Sacramento musician Alex Dorame teaches elementary-school children on how to channel their inner rock stars
At first glance, it’s just another typical elementary-school classroom with an alphabet-lined whiteboard and boxes of Legos stacked next to a bin of tangled Mr. Potato Head parts.
There’s definitely something unusual going on here, however. This classroom has a merch table, for example, stocked with guitar picks and flutes for sale. Then there’s the electric-drum set, presently unoccupied near the back, and the single guitar that stands in a far right corner—all indications of a decidedly different curriculum.
On this quiet Tuesday morning, the smell of stale Elmer’s glue and recycled air linger as students arrive. “Hi, Mr. Alex,” a freckled young boy says, tossing his lunch pail into a cubby before finding a spot on the carpet next to his classmates.
Mr. Alex, a tall 32-year-old man with a strong build and buzzed haircut, stands near the front of the classroom, wearing a black compression sleeve under his T-shirt to cover the tattoos that run down one arm. It’s an appropriate solution, it seems, given the spongelike minds of children.
This is Alex Dorame’s domain, a summer program that kicked off in early June and now sends him, daily, more than 70-miles roundtrip to his first class in Lincoln. Today, Dorame starts his second session at Maidu Elementary School in Roseville, where he’ll school a small group of kids—first through seventh graders—on the history of rock ’n’ roll, as well as the challenges of channeling their inner rock star, via their own band, the Flaming Nachos. The goal: to perform a song in front of the school and their parents.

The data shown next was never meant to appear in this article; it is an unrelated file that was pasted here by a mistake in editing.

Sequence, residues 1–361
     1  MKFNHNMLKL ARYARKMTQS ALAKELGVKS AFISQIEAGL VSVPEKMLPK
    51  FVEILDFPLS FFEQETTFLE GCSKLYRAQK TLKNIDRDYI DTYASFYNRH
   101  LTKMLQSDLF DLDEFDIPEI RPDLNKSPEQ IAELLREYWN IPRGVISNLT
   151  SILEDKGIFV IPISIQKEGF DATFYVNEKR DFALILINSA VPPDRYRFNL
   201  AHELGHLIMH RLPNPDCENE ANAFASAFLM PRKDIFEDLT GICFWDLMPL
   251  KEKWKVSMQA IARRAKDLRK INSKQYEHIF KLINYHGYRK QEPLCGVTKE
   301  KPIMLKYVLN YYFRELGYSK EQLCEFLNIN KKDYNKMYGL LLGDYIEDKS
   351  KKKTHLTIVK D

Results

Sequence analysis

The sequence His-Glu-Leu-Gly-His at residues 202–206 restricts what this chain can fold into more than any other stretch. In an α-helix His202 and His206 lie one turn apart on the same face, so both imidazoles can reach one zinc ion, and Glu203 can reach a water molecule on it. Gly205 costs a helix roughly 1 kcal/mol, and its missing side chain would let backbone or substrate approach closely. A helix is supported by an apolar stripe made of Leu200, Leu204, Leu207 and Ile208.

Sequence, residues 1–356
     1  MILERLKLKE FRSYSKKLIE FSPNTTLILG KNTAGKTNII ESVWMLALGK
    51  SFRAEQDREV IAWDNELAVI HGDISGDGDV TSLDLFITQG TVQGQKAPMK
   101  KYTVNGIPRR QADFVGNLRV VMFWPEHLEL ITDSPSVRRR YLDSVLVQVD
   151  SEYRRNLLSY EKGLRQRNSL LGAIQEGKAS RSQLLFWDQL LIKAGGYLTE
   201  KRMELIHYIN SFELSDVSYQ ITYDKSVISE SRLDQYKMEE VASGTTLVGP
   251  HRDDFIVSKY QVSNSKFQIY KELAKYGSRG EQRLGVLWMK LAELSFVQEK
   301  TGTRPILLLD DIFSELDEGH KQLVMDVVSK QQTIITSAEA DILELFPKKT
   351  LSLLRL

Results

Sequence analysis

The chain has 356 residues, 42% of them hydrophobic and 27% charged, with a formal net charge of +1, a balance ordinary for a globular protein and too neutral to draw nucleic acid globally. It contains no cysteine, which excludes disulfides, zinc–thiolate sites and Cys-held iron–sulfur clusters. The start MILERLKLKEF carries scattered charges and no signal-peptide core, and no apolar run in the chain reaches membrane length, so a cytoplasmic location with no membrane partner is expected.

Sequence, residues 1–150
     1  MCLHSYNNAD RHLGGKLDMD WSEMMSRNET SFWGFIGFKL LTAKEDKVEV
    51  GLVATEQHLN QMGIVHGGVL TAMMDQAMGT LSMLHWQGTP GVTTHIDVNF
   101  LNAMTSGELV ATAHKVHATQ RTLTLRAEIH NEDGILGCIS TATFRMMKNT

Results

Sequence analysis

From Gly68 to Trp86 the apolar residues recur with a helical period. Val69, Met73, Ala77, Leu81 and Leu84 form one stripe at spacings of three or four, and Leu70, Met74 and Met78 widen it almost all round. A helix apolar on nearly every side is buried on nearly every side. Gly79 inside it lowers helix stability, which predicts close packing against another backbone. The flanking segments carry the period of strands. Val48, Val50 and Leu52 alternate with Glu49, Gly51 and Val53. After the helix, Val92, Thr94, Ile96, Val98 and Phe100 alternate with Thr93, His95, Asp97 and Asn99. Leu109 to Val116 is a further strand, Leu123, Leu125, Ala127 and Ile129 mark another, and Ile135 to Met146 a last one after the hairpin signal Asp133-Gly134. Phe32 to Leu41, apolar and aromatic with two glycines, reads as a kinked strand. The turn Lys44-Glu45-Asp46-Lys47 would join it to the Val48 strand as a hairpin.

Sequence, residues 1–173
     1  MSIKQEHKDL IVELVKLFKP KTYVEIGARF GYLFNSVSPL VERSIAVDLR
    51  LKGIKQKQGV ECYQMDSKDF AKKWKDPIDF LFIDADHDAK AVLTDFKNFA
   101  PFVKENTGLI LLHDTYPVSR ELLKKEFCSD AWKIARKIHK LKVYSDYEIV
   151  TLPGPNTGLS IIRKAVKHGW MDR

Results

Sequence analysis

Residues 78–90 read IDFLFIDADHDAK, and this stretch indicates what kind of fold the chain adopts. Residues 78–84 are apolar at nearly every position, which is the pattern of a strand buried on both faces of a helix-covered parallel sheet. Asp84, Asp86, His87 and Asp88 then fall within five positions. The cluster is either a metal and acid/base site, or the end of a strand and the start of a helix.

When he’s not teaching, Dorame keeps busy with his own music, splitting free time between three projects, all with a sound that verges on punk. Whether performing with a full band in Killdevil or Support the Rabid, or alone accompanied only by his acoustic guitar, music remains a central theme in Dorame’s world. He remembers saving his allowance to buy his first guitar at a pawn shop one summer while visiting his father in Los Angeles. At 14, he started his first band and has never stopped writing new material.
These days, given that his current occupation isn’t, perhaps, typical for a longtime punk musician, Dorame says he wanted a new challenge, something he wasn’t finding managing a Roseville sandwich shop.
So, up late on Facebook one night, Dorame says he read a friend’s post about the open teaching position and applied on a whim, thinking, “Why not?”
“This is different,” he explains. “This is changing my life in my heart, and I feel pretty accomplished.”
At band practice, Dorame teaches four girls and one boy the beginning notes to Joan Jett and the Blackhearts’ “I Love Rock ’N Roll”. In the program, which is taught by various instructors within the Eureka Unified School District, the kids pick a band name, make fliers to promote their first show around campus, and today, the Flaming Nachos are eager to practice.
In room B-1 where all the instruments are present, it’s easy to spot—and hear—the band’s vocalist. Arianna Binon, a friendly, outgoing girl, immediately grabs the microphone, turns on a mini Orange amplifier and starts telling jokes, singing and dancing.
“What do you call a witch in the sand? A sandwich.”
A ruckus erupts from behind the drum kit—courtesy of Austin, the freckled child from earlier. The remaining three girls take their cue and hop on bass, guitar and keys.